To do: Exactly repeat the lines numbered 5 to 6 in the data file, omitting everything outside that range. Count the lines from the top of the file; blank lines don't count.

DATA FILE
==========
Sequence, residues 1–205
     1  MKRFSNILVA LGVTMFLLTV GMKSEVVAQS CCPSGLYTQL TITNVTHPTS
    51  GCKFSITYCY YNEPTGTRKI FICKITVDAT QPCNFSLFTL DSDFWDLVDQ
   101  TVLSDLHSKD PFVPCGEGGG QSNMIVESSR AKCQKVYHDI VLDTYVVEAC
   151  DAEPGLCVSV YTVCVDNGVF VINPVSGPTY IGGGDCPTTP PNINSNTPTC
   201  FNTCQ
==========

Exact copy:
   151  DAEPGLCVSV YTVCVDNGVF VINPVSGPTY IGGGDCPTTP PNINSNTPTC
   201  FNTCQ